8. And let's not forget Egwene's humble origins. (No, not as the best water-carrier in Emond's Field, though that's an early indication of her drive.) While the boys were following Joseph Campbell's "Heroes Journey" and dutifully Refusing the Call to Adventure, Egwene was proactive. She knew she had bigger things in store for her, from the very beginning. Perhaps Egwene's first badass moment was choosing to leave Emond's Field. Choosing to learn the One Power when everyone (including her former mentor) still feared it. Life didn't drag her along kicking and screaming, she leaped onto it and rode
  9. In the books, Siuan and Liandrin both don't appear until The Great Hunt, but Kerene only appears in New Spring. Siuan is, of course, a major character in New Spring, and I think Liandrin makes a brief appearance too. It sounds like we'll be getting lots of New Spring flashbacks in the show. On Twitter, Emilia Machuca wrote that Peter Franzen (Stepin) said they were filming a big battle scene in Finland, and unless he somehow appears in Tarwin's Gap, that means the Blood Snow, in New Spring. That makes me wonder if Tam's ramblings about the Aiel War are going to be shown in flashbac
  10. I'm so glad you found us, Misha! And I envy the journey you're on! The first time through is special. Enjoy the ride, and let us know how it goes.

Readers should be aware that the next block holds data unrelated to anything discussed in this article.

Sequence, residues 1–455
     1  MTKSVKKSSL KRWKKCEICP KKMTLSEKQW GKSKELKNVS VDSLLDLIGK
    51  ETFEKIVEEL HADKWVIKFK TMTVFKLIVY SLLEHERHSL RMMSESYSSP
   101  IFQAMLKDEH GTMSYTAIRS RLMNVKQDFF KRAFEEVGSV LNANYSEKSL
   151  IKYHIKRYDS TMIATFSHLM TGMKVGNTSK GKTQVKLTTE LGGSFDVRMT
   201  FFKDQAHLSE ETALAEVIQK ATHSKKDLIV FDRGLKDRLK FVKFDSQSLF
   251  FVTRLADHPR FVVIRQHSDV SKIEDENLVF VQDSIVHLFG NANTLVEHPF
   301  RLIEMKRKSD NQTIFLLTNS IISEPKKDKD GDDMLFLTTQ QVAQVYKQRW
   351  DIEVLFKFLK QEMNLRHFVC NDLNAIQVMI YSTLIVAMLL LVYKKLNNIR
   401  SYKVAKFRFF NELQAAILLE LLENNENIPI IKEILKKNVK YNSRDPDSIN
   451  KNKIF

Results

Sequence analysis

11. Rajiv Moté is Dragonmount's book blogger with a lens on the craft of fiction writing. When he's not managing software engineers, he writes fiction of his own, which can be found cataloged at his website. Spoilers below for The Wheel of Time books, and the prologues or epilogues of The Handmaid's Tale, A Game of Thrones, The Deathly Hallows, and The Return of the King. The Eye of the World begins with one of the most memorable prologues in epic fantasy, a confrontation between a fallen hero-turned-madman and a villain who takes no joy in his apparent victory. It drops ta
  12. Move over Thor and Mjolnir. Behold Perrin Goldeneyes and Mah'alleinir!
  13. I liked, in New Spring, the cultural misunderstanding between Lan and Moiraine over his refusal to meet her eyes. It was all the more poignant in light of our knowledge of the intimacy they'll have 20 years later, when they'll be able to understand each other's slightest gesture.
  14. Really? Which group? I don't remember that at all. Admittedly, the way GRRM's going, I'll forget who Arya is by the time I lay my hands on ADwD. Bran's already slipping from my mind, and I have a feeling that he's going to be a messiah of sorts. the dothraki (horse-people) that daenerys marries into Whoops -- you're right, I was wrong about it being the Wildlings. I was thinking of the refrain, "You know nothing, Jon Snow."
  15. Why? If it's coming from the author of the books, it's a fact. Period. Being in the actual books doesn't make it any "factier". You may prefer authors not provide information outside of the books, but using that info can't magically make an argument about matters of fact weaker. Why? In general, because the author could be lying so as not to ruin his story. Or the author could change his mind, especially in the course of developing a tale over 20 years, because of story dynamics. Or because the author may realize that he's made a mistake during the course of story development, and nee